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A good question. As a German I'm astonished. We ask "Woher kommst?/ Wo kommst du her?", but we answer with "aus": Aus Italien/Aus Mailand". We don't use "von" which would be the logical thing. I can't explain it. One has to regard it as an idiomatic thing. Maybe this use of "aus" is very old and and goes back to Latin formulas with ex (out). To verify such ...


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The word "her" actually means "here" as in "toward here". It's the brother of "hier". "Hier" only talks about a fixed location while "her" talks about a destination. Every day English does not make that distinction. So: Woher kommst du? technically means Where are you coming here? This makes no sense in English. You'd give an indication of ...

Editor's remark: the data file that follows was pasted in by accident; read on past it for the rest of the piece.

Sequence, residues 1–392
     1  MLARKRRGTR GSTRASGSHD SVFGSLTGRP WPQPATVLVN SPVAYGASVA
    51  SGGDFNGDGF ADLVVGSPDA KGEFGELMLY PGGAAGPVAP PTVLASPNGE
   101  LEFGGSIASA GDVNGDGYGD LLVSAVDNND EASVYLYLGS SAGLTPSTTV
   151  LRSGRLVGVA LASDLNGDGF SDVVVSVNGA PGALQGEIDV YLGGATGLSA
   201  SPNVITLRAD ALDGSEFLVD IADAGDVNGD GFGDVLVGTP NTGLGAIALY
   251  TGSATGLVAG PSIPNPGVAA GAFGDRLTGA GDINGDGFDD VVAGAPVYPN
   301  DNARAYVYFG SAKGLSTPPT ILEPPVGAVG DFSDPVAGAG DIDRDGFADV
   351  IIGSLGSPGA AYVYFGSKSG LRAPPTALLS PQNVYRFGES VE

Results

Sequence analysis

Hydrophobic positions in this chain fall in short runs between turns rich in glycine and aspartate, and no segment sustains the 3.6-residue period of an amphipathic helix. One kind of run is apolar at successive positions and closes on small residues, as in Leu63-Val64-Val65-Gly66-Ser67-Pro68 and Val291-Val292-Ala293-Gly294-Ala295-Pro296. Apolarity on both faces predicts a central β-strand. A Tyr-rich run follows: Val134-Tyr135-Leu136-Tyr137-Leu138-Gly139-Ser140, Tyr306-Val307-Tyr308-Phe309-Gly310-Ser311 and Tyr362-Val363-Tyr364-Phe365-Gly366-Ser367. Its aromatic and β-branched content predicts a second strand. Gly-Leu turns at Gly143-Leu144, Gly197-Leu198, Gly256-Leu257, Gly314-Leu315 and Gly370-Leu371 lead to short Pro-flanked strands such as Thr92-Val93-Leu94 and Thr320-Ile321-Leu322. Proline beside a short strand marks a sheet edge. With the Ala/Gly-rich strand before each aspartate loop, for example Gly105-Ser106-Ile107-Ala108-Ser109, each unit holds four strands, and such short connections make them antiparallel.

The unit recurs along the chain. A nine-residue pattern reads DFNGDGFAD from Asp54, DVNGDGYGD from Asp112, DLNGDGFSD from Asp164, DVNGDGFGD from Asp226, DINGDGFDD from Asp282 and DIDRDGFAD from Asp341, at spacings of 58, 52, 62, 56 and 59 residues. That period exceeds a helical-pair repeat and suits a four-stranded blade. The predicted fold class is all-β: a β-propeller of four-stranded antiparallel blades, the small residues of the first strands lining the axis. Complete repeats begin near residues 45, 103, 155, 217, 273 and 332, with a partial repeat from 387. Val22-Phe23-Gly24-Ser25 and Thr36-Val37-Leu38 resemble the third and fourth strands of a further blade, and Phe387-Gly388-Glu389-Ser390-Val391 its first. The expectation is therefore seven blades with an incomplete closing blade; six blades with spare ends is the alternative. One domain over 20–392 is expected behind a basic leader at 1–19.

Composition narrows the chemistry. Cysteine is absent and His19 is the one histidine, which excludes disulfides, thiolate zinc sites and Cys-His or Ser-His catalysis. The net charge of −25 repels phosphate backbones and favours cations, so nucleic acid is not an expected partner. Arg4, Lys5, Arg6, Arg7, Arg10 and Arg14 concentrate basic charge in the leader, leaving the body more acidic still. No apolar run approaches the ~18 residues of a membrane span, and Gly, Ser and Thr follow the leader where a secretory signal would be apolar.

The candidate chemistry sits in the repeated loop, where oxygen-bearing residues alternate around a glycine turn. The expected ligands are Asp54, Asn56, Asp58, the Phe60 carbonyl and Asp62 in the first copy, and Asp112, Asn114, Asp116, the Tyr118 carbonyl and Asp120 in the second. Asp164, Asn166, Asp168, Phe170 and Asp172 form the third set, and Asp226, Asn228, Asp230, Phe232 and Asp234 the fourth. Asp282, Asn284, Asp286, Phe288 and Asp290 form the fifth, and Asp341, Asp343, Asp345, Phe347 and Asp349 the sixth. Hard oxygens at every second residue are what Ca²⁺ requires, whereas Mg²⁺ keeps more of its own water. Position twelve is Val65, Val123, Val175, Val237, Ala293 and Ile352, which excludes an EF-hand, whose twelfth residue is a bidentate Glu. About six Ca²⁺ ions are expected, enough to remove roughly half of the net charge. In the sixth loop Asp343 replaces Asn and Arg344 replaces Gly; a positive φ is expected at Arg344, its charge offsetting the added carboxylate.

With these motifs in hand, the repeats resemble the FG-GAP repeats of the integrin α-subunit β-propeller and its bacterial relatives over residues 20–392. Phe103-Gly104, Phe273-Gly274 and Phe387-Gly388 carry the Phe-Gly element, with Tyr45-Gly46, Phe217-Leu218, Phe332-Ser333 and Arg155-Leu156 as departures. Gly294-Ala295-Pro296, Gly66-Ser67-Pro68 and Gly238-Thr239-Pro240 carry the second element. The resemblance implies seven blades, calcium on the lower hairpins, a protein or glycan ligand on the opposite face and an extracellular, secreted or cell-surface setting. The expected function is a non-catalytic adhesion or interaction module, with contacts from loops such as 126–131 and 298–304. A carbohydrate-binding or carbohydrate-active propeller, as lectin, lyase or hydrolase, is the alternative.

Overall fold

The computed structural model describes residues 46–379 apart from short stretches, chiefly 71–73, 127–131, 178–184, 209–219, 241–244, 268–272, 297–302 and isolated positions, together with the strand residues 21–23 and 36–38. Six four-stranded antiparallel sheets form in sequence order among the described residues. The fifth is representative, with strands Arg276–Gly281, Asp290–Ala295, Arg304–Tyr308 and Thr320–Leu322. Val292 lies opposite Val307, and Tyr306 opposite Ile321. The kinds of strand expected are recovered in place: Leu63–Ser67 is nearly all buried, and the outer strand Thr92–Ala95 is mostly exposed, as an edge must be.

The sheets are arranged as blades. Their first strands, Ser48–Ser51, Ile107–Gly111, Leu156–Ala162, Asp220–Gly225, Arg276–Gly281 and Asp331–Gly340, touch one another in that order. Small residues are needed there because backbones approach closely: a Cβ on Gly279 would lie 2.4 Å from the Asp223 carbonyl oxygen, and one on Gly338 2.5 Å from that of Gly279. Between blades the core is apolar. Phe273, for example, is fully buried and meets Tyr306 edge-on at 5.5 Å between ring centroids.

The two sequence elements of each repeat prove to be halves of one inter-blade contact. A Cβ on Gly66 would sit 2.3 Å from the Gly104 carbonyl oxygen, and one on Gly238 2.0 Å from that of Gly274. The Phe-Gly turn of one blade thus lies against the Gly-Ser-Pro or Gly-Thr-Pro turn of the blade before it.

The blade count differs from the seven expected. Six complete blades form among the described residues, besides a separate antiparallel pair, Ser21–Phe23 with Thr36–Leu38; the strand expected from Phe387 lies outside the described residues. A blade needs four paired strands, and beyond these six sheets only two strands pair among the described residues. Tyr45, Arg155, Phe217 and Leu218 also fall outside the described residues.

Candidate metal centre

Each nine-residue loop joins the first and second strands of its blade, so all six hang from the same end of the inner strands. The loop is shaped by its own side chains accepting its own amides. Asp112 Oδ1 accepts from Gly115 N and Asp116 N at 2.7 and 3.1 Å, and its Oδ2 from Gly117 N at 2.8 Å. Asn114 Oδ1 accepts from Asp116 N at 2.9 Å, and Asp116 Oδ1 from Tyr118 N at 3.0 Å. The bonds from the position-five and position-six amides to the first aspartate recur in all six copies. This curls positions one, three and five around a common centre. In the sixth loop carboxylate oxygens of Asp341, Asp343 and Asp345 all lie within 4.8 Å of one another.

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If you want an explanation, you have to take a look at linguistic history. Often it is helpful to search for previous meanings, e.g. what the words meant 100 or 200 years ago. You are, rightly, confused by the word aus included in the answer. But I am not so sure if these three words here used to have the same meaning. Perhaps that's because those persons ...



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